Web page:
-Mini pizzas. I use English muffins so it’s easy to vary who gets what. The kids both accept basil pesto (tomato paste is anathema even though tomato sauce is ambrosia) and have pineapple and ham. I’m intolerant of pineapple and ham and aware that they’re basically just a sandwich, so I usually make mini pizzas for the kids when Chris and I are eating something completely different. Plus making two instead of 3-4 pizzas means less time spent standing up without a break.

Louisette only: Frozen nuggets and fish (1 meal, with both—but she’s over frozen chips) with tomato sauce, mayo, and lemon juice.

TJ only: Corn on the cob and ham. (Also he apparently eats a wonderful variety and quantity at day care. It will be a real shame to lose that when he starts Kindy in 2020.)

Chris and I only:

Beef stroganoff (although I think it’s awful as leftovers, so I rarely make it—plus I’m highly intolerant of mushrooms, but refuse to leave them out because they’re delicious and sort of a vegetable).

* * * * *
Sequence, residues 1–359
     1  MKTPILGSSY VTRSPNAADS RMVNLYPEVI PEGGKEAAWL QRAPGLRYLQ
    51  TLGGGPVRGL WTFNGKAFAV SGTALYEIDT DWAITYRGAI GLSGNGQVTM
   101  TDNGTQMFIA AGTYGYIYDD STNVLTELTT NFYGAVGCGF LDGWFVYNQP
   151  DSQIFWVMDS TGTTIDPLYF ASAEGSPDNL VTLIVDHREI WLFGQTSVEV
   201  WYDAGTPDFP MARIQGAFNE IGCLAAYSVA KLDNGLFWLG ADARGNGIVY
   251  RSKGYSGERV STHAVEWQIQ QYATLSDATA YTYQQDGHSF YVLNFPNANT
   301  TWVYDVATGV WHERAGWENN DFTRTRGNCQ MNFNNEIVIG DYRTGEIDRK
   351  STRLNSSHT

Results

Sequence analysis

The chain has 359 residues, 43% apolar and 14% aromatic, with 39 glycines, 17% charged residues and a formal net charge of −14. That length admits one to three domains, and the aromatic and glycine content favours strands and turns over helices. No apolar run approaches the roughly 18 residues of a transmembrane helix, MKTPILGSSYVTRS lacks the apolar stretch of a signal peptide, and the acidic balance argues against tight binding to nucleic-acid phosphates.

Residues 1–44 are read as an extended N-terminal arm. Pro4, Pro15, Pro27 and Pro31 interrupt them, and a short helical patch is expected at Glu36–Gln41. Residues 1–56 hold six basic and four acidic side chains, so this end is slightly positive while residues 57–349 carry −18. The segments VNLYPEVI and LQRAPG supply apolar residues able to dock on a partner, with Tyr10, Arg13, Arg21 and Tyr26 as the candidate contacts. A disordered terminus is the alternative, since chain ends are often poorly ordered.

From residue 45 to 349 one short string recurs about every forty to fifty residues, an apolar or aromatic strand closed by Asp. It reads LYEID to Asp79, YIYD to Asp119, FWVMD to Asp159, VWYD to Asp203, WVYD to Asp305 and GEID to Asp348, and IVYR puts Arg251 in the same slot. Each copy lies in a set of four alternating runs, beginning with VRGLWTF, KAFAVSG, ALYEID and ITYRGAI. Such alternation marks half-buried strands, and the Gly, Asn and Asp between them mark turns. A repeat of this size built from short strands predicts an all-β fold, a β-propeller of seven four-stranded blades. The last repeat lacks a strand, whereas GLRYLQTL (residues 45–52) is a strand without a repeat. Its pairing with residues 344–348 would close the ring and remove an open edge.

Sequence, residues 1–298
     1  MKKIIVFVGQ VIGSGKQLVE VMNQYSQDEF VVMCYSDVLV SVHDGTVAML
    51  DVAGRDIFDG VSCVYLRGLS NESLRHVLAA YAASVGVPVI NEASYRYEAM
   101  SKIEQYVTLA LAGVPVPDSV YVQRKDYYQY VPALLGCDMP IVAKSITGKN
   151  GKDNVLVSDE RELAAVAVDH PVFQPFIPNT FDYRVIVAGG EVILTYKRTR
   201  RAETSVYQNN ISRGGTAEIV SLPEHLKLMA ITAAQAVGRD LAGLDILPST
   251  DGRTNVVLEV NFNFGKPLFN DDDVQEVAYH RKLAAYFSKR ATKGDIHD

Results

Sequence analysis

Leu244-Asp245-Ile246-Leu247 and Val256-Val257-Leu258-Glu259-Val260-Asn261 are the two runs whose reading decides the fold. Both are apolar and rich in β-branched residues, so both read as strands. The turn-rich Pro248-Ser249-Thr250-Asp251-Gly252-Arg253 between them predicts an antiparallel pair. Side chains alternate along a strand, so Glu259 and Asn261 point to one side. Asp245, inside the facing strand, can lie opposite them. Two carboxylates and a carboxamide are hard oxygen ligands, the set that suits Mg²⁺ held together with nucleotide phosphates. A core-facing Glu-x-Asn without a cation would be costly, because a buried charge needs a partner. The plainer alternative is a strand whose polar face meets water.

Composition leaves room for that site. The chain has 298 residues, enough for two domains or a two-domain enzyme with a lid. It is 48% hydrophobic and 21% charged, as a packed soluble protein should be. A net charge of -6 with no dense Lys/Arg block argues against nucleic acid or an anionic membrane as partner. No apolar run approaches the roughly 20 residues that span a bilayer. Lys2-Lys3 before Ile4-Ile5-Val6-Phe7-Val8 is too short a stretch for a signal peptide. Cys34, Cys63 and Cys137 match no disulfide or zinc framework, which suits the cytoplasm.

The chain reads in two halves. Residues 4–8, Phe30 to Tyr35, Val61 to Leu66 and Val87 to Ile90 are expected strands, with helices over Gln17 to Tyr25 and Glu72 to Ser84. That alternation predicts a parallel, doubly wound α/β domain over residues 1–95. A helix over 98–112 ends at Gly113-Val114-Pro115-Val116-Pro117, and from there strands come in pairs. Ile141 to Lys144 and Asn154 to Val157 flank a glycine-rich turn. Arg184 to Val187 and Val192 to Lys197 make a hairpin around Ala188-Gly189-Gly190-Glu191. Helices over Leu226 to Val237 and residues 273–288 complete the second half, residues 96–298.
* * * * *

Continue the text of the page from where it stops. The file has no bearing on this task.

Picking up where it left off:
Lasagna/bolognaise (you and I both know they’re the same thing). Great for adding zucchini and carrot (my top veggies), and great for leftovers. Also our thermomix does a good white sauce without needing a human standing and stirring—it stirs and heats at the same time.

Maple marinated salmon with semi-fried rice (I add the leftover marinade to the rice and fry it for a bit). I can deal with frozen corn and peas in this context (mentally, at least). And yes, I know corn is technically a grain. Shut up.

I feel super gourmet sprinkling sesame seeds on top, too.

 

 

 

 

 

 

 

 

 

 

 

 

 

 

 

 

 

 

So that’s where we’re at with meals at the moment. It’s… not great.

I’m about to attempt to get Louisette onto honey carrots (probably made with either golden syrup or maple syrup). Wish me luck.

Oh, there is one bit of good news. Louisette loves to have apple and hommus. She also likes lemon butter and Vegemite.

Parenting is weird, is what I’m saying.

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It’s time